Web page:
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Goodbye, My Sweet Woobie

If there's one thing that annoys me about life, it's all that reality. Get that stuff out of here. So when the Giants slipped back into second place last night -- a fate that's far too kind considering how poorly they've played -- I just closed my eyes and pretended that everything is going to be okay. I put some 2010 in a spoon, put a lighter under it, and ... well, I don't need to give a tutorial. But you get the idea.

Because the Giants had some August struggles last year, everything will always work out every year. Or, at least, it could. I'm as guilty of this as anyone. Last year on August 11th, the Giants were 2.5 games back. Two weeks later, they were 6.5 games back. Still tied for the Wild Card lead, but the division wasn't a realistic goal.

This will be brought up every time the Giants struggle in the summer months until 2058, when Zan Posey hits a grand slam in the last game of his career, leading the Giants back from a 12-game deficit and winning the division. Then that will be brought up through the next century. Every time the Giants look like a festering scab of an offense: 2010! Remember how they pulled it all out! 2010!

And it's obvious why it's brought up. If you gave up on the Giants last year, you were wrong. There were moments of darkness that looked permanent, as if Jose Guillen had broken the light bulb in your heart while trying to swat a mosquito. He missed. And then this, then that, that one thing, and World Champions. It happened once. Don't give up. I get that, and I do it too.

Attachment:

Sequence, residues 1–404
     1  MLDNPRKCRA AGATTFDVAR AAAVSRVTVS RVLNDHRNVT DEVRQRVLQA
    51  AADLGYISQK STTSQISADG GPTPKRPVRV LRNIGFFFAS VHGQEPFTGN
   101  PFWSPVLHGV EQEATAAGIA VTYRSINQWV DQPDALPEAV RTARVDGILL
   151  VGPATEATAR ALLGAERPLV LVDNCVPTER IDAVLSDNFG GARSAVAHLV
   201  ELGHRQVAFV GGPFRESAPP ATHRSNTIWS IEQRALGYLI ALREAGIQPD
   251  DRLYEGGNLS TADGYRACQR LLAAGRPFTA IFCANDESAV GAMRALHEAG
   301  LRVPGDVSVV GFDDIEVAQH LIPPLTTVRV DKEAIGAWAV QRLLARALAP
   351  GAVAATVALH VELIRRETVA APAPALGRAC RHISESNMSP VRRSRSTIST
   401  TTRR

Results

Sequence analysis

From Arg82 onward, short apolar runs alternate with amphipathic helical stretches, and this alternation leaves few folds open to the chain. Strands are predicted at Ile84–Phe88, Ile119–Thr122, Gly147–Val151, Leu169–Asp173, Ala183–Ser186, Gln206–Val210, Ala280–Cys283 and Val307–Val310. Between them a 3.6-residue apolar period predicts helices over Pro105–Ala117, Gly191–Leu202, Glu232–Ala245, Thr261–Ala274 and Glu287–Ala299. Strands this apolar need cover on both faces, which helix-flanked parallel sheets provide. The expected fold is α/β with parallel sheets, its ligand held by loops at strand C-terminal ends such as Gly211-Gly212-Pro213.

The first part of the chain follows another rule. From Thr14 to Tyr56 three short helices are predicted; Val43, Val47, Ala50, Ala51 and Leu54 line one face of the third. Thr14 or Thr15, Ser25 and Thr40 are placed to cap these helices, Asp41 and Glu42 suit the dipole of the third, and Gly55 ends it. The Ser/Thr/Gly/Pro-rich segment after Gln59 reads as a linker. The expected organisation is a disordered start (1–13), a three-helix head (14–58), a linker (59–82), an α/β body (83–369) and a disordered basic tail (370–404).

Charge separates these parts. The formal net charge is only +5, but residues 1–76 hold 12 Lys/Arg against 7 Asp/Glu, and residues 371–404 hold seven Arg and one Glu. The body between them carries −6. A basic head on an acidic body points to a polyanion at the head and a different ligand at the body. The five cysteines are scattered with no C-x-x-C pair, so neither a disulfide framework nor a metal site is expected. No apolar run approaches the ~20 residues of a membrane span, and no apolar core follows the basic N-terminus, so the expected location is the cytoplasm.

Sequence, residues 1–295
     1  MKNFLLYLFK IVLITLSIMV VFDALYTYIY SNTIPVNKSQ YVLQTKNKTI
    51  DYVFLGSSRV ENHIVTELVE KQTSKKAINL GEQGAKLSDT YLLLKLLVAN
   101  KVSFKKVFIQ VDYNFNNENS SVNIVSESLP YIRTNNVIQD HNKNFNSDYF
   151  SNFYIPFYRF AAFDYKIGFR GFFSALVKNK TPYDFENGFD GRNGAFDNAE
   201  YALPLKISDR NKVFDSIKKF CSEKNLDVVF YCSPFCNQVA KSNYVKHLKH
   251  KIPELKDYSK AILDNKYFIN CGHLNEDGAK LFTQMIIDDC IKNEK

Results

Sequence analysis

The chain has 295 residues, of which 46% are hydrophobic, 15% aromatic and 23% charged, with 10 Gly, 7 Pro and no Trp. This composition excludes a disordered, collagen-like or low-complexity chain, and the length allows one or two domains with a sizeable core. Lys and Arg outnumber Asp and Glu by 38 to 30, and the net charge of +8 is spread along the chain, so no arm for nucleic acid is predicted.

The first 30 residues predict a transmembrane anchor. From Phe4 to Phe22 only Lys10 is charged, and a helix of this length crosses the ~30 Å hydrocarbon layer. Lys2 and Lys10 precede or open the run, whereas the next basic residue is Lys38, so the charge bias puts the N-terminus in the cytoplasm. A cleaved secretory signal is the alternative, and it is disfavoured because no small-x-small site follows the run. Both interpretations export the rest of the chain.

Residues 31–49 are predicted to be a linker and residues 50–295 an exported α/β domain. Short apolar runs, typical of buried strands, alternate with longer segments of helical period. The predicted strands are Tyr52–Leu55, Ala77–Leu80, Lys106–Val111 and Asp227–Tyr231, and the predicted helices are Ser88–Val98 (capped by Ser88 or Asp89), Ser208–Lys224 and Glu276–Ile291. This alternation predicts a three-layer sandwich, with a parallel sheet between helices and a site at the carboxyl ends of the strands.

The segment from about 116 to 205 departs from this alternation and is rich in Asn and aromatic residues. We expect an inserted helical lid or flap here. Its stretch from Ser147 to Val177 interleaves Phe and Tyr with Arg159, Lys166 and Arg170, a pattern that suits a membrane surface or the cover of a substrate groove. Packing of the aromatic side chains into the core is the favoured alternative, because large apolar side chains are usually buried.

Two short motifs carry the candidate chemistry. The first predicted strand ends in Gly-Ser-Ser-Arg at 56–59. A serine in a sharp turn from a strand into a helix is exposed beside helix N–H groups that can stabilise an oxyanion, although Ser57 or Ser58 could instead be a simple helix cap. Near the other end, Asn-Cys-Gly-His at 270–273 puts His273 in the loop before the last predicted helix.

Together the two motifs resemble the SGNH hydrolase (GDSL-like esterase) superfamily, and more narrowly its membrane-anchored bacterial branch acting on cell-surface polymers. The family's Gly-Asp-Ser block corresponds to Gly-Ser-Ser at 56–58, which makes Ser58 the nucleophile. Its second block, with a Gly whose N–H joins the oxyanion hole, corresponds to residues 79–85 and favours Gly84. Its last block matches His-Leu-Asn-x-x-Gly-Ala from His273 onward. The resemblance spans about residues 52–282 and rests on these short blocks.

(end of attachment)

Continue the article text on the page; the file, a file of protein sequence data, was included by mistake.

Except here's the thing: the struggles from last August weren't that bad. They were 13-15. Not good, but not abysmal. And the reason the Giants were struggling was because the starting pitching wasn't doing well. Matt Cain had a 3.00 ERA in August, mostly because he stopped walking hitters, but Madison Bumgarner was horrible. Tim Lincecum's struggles are well known, and even Barry Zito didn't do well, with a 7.76 ERA in August. The pitching stopped being uniformly great, which it was for the better part of two years.

But I trusted the pitchers. I was starting to get a little nervous about Lincecum, but I wasn't panicking. Same thing with Bumgarner. The Giants had a 4.55 ERA as a team in August, 2010, but they never stopped striking hitters out. They allowed a few more home runs, but nothing egregious. They were basically the same staff, just going through a spell of bad luck. The pitchers were still good.

Right now, the Giants are struggling because of the hitting. They traded for Carlos Febles or something, and he's hurt, which is really screwing things up. And without him, it's the 2009 Pablo or Bust Spectacular. nothin nothin Pablo, save us! nothin nothin nothin nothin nothin nothin nothin nothin Pablo, save us! nothin nothin nothin.

I love Torres, but it's entirely probable that his 2010 was a fluke. Love Ross, but he's the streakiest mofo this side of Randy Winn. Aubrey Huff alternates bad and good years like few others. Cabrera is hot flotsam, just like anyone the Giants could put at short. Keppinger is now hooked on the endorphins created by a strikeout, and Aaron Rowand. And Aaron Rowand. I don't trust this offense to get better. I don't trust that Brandon Belt will get more than 20 at-bats for the rest of the season, and I don't trust that Huff will stay hot. All of these guys are goofs.

Doesn't mean I'm giving up. Dude, half-game back. Lincecum. Cain. Bumgarner. Vogelsong. Romo. Wilson. Lopez. It's a great collection of arms. They'll recover from their own mini-slide and keep the Giants in most of their games. But I am giving up on mainlining August, 2010 as a source of encouragement. Different team, different struggles.